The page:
Asthma and type 1 diabetes mellitus (T1DM) are two of the most frequent chronic diseases in children, representing a model of the atopic and autoimmune diseases respectively. These two groups of disorders are mediated by different immunological pathways, T helper (Th)1 for diabetes and Th2 for asthma. For many years, these two groups were thought to be mutually exclusive according to the Th1/Th2 paradigm. In children, the incidence of both diseases is steadily increasing worldwide. In this narrative review, we report the evidence of the potential link between asthma and T1DM in childhood. We discuss which molecular mechanisms could be involved in the link between asthma and T1DM, such as genetic predisposition, cytokine patterns, and environmental influences. Cytokine profile of children with asthma and T1DM shows an activation of both Th1 and Th2 pathways, suggesting a complex genetic-epigenetic interaction. In conclusion, in children, the potential link between asthma and T1DM needs further investigation to improve the diagnostic and therapeutic approach to these patients. The aim of this review is to invite the pediatricians to consider the potential copresence of these two disorders in clinical practice.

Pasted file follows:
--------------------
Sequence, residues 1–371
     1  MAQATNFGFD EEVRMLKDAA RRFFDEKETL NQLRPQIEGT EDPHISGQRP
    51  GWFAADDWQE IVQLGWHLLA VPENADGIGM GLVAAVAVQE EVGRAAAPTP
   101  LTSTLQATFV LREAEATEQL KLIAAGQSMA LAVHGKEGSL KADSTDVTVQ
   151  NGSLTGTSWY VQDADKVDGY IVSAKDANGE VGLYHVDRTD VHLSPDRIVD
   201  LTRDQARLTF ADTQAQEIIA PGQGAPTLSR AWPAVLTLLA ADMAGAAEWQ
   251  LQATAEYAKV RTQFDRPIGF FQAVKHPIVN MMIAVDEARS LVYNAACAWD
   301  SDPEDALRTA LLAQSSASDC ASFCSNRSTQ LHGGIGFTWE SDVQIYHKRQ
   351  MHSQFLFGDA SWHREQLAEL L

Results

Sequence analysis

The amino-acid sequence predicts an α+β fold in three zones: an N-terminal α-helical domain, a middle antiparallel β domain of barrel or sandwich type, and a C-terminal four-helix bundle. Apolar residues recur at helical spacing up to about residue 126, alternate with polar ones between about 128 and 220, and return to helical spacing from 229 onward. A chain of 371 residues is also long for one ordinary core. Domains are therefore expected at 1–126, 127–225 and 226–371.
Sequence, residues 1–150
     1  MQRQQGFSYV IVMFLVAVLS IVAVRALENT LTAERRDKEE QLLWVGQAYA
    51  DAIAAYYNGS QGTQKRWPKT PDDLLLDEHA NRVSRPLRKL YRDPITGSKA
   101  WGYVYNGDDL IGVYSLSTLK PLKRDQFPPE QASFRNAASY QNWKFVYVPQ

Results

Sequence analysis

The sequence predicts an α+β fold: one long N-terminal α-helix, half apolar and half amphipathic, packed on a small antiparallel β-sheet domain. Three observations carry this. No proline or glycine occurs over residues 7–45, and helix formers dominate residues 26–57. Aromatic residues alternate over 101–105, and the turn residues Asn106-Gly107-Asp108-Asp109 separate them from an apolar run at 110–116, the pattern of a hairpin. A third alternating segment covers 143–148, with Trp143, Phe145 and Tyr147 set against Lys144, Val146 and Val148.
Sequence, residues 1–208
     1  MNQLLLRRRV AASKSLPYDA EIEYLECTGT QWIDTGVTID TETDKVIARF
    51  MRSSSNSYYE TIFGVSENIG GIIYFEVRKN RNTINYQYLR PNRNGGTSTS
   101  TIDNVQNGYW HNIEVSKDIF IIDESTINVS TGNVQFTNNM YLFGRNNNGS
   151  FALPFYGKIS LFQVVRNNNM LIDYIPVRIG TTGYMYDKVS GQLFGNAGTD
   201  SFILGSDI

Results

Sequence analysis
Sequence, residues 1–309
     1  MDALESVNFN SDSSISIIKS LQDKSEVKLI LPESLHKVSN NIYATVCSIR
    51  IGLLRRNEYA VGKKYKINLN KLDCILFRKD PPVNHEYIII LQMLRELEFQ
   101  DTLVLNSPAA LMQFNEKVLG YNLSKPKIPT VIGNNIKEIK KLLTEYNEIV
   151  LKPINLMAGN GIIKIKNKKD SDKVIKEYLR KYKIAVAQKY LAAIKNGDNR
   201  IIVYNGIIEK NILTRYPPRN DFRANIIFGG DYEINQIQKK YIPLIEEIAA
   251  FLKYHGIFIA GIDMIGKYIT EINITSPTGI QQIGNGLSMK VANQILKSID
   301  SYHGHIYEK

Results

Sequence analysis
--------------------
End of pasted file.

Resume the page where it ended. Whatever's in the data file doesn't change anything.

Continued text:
Keywords: Th1/Th2 paradigm; asthma; children; coaggregation; cytokines; genetic; hygiene hypothesis; regulatory T lymphocytes; type 1 diabetes.